(Un)Urban: Space, Politics and the Olympic Legacy 6/6/16

Group 5

Day 5 of the (Un)Urban Global Citizenship Strand had began with groups meeting at Fish Island, near the Olympic Park. The groups had met within Stour Space that provided a creative hub, as well as, a prime example of the creative spaces around the vicinity of the area between Hackney Wick and the Olympic Stadium. We had kick started the day with a tour around the Olympic Park, immersing ourselves with the make-up of its open space and lush green landscape that surrounded the stadium. Having never visited the Olympic Park, my first impressions of the space was a Disneyfied version to what I had initially been informed the park to be, with it possessing quite the opposite spatial qualities.

Among the chaos there is a frenzy of wacky light fittings, of playground installations, of seats, tree species, sculptural lumps of granite, kiosks, railings and coloured surfaces all of which contribute to any urban planned space. The overall space within the Olympic Park does give an indication of a well planned space, but, this very planned nature contributes towards its lack of organic forms, which is so beneficial to the nature of a successful sustainable space. Although, the space does provide very nice planting/ thought out ecology throughout the Olympic Parks landscape.

olympic-aerial

Surrounding the park, you’ll notice the immediate effects of gentrification with housing developments and the creation of shopping malls. The gentrifying space around the Olympic Park provides a range of creative challenges that require a bottom approach of community governance/local expertise, whereby, creating exciting but innovative spaces, which benefit the area and local needs.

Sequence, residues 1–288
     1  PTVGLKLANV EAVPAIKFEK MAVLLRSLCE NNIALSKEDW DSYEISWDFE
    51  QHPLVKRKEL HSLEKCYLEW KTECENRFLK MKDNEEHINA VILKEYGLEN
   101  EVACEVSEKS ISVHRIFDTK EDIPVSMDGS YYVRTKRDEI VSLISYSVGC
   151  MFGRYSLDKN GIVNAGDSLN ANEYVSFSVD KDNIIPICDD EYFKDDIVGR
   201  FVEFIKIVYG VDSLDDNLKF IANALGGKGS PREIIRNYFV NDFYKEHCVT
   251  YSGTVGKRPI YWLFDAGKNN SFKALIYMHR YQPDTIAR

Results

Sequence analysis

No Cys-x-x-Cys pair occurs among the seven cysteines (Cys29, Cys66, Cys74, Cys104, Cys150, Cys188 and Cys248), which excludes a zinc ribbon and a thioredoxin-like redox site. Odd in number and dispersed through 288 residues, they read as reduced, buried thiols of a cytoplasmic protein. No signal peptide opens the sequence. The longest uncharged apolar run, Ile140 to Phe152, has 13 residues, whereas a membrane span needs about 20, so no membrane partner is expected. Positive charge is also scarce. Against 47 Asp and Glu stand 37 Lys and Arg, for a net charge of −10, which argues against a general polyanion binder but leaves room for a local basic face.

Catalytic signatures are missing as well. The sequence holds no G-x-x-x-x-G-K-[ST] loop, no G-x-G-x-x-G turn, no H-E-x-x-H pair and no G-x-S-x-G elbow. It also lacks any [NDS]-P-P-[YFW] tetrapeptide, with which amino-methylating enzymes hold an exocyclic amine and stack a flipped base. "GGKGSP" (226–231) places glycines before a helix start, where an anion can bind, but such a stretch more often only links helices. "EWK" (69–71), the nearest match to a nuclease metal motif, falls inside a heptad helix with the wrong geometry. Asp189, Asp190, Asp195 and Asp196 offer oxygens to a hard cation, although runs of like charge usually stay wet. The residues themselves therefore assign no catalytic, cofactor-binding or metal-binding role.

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“Inspire a generation” was the rhetoric behind the heart of the Olympic bid in 2007, a message that was also spread across Stratford during the summer games in 2012. And so, the very nature of the Olympic legacy is somewhat unfortunate with very little being done to benefit the local community. However, my visit today to the R-Urban Mobile Garden City had sort of changed that opinion, leading for new hope!    The R-Urban Garden City project is situated at the heart of the East Village in Stratford that looked almost out of context  in it’s dense urban surroundings. After being given a guided tour around the garden by the local volunteers, they informed us about bottom-up participation between the community and the garden space and how the project was being built around the combination of individual stories and personas to create a centre inspiring community cohesion between different groups of citizens within the community.

 

 

 

 

 

 

 

 

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